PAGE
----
When you start your next construction project, you may find yourself wondering, “Should I hire a Construction Manager (CM) or a General Contractor (GC)?” Although many GC’s will also serve as CM’s, they differ in their corporate structures, level of cooperation with owners, and in their starting project points.
As more and more commercial and residential properties are being developed or rebuilt under Construction Management in the United States, Construction Management is becoming an increasingly important topic to understand in this industry. Let us discuss the benefits and role of a Construction Manager and challenges related to the traditional General Construction approach.
Benefits and Role of a Construction Management:
- The role of a Construction Manager is to represent and protect the owner’s interests throughout the entire project, from design to completion.
- All decisions relative to the building program are made with the benefit of input from both a Construction Manager and an architect, providing a system of checks and balances that would otherwise not be present.
- By engaging a Construction Manager early on in a project challenges can be identified and addressed to avoid serious cost and delay implications.
- Common goals and milestones can be developed with the owners and architects in advance of the subcontractor agreements
- The Construction Manager’s fees take the place of the general contractor’s multiple markup and fees associated with the traditional approach.
- Through creative value engineering and cost estimating, a construction management firm should be able to generate significant cost savings, which can be applied to other portions of the project.
- The Construction Manager’s input should help reduce claims, minimize change orders, give an opportunity the client introduce subcontractors to be hired. It also allows them to participate in a buy out process, share potential savings and control the schedule, resulting in a smooth running project with effective cost and schedule control.
Challenges with the Traditional General Contracting Approach
- A low bid contractor takes tremendous risk when submitting a lump sum number.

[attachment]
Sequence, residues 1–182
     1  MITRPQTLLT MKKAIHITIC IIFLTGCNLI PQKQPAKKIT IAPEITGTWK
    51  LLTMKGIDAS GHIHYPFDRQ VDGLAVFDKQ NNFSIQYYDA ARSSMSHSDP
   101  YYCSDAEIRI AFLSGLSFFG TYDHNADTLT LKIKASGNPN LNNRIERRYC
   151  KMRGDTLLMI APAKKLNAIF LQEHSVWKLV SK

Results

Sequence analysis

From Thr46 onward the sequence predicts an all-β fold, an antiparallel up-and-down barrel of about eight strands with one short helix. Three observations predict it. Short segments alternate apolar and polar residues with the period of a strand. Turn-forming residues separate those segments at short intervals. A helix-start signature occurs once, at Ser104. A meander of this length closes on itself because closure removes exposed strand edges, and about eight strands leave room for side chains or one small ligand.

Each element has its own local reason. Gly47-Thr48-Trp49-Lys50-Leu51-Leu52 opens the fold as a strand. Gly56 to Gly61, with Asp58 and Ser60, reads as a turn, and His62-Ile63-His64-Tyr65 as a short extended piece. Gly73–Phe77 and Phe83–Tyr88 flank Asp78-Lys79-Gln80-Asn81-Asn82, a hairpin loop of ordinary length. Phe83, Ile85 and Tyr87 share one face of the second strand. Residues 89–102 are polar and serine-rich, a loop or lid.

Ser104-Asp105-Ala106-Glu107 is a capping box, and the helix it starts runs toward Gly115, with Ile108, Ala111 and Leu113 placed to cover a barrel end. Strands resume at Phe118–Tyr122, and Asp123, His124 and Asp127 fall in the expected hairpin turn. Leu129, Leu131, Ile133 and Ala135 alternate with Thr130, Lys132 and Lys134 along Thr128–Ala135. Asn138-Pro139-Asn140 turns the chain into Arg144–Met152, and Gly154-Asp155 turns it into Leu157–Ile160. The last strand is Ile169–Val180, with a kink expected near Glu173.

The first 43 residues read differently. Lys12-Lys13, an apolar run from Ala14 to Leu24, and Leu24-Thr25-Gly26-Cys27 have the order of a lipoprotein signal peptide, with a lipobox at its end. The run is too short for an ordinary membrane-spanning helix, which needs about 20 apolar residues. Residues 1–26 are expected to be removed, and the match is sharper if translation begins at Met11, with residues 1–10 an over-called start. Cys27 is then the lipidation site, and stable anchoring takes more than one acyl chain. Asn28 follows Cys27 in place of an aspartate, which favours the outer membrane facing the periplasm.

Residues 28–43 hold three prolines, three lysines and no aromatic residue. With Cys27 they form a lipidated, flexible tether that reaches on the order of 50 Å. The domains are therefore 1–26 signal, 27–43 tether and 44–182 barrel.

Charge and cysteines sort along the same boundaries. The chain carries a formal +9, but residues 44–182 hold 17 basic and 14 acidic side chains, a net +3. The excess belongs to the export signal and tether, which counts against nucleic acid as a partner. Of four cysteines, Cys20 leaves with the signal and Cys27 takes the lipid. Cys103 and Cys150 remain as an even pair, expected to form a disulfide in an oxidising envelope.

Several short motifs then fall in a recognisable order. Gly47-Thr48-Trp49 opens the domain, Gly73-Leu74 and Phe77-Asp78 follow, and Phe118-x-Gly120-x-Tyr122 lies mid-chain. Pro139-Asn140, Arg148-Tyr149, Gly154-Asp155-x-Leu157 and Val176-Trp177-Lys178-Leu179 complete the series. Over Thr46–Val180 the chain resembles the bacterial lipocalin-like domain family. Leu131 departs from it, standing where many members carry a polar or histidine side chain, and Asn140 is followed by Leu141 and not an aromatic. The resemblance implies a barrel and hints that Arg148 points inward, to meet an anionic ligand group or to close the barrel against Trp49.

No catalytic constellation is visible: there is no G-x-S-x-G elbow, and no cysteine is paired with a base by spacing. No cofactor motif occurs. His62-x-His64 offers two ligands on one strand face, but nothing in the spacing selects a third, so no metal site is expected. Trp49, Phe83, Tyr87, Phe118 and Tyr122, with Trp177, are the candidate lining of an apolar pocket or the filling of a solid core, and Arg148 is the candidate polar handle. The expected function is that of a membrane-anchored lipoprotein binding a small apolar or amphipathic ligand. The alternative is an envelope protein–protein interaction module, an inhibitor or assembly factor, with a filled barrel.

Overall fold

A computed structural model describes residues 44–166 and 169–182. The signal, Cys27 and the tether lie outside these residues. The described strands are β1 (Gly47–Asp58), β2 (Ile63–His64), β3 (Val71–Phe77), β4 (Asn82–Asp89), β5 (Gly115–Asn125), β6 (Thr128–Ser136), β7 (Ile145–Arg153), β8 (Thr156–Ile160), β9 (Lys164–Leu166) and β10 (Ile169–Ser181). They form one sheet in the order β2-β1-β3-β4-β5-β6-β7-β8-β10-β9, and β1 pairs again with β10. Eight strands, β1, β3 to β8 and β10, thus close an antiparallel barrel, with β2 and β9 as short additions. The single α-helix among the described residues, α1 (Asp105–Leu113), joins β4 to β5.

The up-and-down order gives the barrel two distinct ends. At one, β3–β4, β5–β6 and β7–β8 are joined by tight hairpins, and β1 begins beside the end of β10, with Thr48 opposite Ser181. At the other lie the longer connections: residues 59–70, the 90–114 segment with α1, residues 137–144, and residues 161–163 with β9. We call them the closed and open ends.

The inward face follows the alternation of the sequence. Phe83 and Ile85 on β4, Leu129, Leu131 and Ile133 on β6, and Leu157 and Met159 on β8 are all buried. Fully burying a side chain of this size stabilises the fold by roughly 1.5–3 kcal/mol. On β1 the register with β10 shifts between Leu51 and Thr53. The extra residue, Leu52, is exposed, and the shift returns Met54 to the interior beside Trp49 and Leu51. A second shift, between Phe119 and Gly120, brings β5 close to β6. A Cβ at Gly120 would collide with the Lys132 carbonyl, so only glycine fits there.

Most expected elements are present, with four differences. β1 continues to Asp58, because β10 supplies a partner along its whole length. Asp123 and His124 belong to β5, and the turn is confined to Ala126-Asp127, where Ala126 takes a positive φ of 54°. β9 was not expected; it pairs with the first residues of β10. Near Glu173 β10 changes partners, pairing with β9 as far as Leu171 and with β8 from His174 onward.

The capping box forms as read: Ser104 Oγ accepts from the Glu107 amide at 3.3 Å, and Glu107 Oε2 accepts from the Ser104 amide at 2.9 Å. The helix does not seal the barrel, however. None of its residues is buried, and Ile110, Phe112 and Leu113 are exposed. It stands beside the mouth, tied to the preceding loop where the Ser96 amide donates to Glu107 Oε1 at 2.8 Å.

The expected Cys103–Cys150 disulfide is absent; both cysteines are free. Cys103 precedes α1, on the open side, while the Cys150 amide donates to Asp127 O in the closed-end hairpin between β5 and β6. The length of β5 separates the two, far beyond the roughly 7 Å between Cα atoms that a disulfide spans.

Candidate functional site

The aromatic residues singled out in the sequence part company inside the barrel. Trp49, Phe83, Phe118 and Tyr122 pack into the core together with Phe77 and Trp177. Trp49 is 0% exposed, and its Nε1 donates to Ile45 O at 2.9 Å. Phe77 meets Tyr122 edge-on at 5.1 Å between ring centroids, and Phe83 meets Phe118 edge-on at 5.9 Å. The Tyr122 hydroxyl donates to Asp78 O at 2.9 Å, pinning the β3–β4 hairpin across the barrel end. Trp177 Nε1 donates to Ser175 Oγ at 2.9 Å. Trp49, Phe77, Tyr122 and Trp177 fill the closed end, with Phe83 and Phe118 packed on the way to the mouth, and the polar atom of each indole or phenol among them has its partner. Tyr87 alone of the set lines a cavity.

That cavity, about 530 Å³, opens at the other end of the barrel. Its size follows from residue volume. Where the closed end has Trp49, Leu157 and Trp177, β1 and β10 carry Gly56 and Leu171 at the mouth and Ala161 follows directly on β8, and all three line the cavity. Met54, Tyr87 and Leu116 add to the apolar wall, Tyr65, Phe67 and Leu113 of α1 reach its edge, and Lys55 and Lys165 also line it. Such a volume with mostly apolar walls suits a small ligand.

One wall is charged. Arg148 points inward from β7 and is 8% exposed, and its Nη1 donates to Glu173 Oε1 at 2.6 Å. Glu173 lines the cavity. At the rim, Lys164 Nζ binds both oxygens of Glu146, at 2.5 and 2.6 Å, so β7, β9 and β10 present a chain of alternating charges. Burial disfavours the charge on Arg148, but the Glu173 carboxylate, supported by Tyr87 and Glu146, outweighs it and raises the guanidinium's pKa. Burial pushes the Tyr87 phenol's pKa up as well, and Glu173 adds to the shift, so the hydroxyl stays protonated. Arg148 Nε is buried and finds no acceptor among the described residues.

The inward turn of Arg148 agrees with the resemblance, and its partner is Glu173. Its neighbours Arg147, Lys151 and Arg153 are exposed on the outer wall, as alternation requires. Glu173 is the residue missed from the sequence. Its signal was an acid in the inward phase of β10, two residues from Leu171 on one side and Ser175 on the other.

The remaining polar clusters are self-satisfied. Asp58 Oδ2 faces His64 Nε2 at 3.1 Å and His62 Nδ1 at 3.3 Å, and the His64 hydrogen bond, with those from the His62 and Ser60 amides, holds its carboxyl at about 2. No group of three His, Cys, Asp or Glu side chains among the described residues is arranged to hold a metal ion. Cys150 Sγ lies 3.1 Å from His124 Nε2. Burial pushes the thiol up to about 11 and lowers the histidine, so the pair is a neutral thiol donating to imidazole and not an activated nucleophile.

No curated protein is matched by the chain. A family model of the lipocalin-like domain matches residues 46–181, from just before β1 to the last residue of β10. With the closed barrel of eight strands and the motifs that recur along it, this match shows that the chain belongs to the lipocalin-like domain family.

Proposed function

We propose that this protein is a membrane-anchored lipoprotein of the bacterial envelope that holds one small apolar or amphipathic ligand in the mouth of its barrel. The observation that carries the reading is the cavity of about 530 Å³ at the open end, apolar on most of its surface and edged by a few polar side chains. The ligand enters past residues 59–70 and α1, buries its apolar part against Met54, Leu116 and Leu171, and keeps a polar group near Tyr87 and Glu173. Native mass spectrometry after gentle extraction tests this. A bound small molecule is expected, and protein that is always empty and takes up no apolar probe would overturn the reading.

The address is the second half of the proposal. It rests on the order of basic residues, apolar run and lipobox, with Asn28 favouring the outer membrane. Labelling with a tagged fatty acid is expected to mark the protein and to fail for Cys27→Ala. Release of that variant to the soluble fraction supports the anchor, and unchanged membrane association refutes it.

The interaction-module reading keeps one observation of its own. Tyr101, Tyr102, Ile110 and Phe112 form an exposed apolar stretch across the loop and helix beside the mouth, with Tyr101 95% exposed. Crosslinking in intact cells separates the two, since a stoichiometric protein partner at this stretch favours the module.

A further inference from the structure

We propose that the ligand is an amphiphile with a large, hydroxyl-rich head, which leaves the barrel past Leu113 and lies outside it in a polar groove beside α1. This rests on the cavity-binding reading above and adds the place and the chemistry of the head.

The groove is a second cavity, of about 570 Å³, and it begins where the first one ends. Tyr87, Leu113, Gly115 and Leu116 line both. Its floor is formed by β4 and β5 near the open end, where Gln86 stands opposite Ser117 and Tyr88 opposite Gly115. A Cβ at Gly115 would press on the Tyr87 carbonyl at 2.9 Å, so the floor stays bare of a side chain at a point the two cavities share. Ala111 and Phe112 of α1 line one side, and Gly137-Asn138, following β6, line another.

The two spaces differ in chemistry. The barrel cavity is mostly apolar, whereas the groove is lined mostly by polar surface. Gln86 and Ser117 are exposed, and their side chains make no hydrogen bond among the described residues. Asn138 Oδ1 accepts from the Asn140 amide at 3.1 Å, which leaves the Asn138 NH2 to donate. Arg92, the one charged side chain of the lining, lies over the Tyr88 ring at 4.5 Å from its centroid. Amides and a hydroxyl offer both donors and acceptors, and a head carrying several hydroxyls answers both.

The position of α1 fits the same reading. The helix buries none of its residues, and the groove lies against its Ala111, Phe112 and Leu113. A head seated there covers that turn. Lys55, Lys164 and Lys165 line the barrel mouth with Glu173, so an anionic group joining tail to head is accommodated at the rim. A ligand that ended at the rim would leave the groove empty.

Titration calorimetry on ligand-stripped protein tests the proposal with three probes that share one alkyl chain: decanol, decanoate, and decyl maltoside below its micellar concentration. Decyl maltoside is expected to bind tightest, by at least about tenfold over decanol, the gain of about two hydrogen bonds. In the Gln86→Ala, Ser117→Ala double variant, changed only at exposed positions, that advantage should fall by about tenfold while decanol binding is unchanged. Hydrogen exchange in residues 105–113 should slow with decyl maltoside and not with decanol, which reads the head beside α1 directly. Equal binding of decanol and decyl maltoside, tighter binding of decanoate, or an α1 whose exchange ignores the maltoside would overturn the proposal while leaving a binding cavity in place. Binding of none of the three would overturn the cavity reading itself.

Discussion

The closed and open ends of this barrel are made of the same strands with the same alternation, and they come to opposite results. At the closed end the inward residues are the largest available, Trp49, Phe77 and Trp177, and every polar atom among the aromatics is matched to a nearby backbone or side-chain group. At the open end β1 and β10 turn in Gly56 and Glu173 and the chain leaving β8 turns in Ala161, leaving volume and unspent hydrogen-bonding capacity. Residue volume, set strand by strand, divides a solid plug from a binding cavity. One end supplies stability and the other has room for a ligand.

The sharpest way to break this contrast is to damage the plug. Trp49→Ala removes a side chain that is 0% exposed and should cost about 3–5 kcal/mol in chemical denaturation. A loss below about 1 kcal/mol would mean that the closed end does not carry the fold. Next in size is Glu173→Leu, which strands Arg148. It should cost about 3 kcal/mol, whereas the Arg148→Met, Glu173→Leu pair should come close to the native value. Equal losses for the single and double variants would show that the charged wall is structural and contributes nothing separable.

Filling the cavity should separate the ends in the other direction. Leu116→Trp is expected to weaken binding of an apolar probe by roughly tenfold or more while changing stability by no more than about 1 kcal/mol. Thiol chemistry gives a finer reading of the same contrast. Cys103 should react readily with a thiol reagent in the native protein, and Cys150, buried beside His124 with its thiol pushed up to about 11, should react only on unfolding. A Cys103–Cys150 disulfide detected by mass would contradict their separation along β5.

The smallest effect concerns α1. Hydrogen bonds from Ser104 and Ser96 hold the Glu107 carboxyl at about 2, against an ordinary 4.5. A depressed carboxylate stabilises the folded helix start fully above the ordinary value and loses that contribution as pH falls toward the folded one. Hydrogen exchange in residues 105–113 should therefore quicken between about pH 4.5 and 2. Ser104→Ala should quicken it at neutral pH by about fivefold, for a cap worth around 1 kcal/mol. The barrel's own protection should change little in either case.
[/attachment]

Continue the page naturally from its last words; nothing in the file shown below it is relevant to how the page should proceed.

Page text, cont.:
- Contractors may become more concerned with the lump sum contract than with the well being of the project, leading to inconsistent project goals and an adversarial relationship between the owner, architect and the subcontractors.
- When the General Contractor submits the lowest bid it may not always be sufficiently experienced to meet the demands of construction. Since the General Contractor is chosen by a low bid, the owner has no control over how company manages their project.
- The owner or architect does not benefit from construction expertise during the design phase when the opportunity for cost savings and schedule enhancements are the greatest.
- Assurance, that the owner is being treated fairly by the contractors in terms of quality, cost issues and conformity to the plans and specifications.
So, Which One is to Choose for You?
The answer to the “CM versus GC debate” usually comes down to how you prefer to work. Hiring a qualified architect who designs a project and then biding it out to a few GC’s is the most conventional process nowadays, but also the most expensive because the client does not get the benefit of insights from the CM during the design process.
Having the CM as part of the initial design stage of the project helps the owner get a better understanding of the construction cost, ongoing operational needs of the facility, as well as the functional implications of the facility. Choosing the CM approach is the clear choice for reducing cost, managing construction timelines, and increased collaboration with the client.
To clarify additional questions, send a request to Construction Guide team.